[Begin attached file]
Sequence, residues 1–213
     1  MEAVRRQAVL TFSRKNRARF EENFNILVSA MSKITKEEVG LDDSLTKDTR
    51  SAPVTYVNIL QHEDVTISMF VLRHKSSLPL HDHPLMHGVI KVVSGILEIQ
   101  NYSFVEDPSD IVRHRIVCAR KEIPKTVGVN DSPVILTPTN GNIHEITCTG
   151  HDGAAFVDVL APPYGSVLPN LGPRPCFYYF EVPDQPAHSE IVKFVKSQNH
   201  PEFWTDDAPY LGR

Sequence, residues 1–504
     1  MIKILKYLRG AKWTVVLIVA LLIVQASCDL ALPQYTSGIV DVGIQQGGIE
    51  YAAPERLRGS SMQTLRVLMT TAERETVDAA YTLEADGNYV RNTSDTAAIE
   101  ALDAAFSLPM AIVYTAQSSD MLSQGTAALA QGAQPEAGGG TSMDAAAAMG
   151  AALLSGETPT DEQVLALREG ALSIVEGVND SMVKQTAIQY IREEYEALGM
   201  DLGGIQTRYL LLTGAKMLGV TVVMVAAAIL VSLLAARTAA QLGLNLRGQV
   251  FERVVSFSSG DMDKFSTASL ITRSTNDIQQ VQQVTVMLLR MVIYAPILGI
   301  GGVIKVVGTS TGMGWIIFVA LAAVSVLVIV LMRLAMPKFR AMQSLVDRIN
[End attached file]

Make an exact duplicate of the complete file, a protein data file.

Sequence, residues 1–213
     1  MEAVRRQAVL TFSRKNRARF EENFNILVSA MSKITKEEVG LDDSLTKDTR
    51  SAPVTYVNIL QHEDVTISMF VLRHKSSLPL HDHPLMHGVI KVVSGILEIQ
   101  NYSFVEDPSD IVRHRIVCAR KEIPKTVGVN DSPVILTPTN GNIHEITCTG
   151  HDGAAFVDVL APPYGSVLPN LGPRPCFYYF EVPDQPAHSE IVKFVKSQNH
   201  PEFWTDDAPY LGR

Sequence, residues 1–504
     1  MIKILKYLRG AKWTVVLIVA LLIVQASCDL ALPQYTSGIV DVGIQQGGIE
    51  YAAPERLRGS SMQTLRVLMT TAERETVDAA YTLEADGNYV RNTSDTAAIE
   101  ALDAAFSLPM AIVYTAQSSD MLSQGTAALA QGAQPEAGGG TSMDAAAAMG
   151  AALLSGETPT DEQVLALREG ALSIVEGVND SMVKQTAIQY IREEYEALGM
   201  DLGGIQTRYL LLTGAKMLGV TVVMVAAAIL VSLLAARTAA QLGLNLRGQV
   251  FERVVSFSSG DMDKFSTASL ITRSTNDIQQ VQQVTVMLLR MVIYAPILGI
   301  GGVIKVVGTS TGMGWIIFVA LAAVSVLVIV LMRLAMPKFR AMQSLVDRIN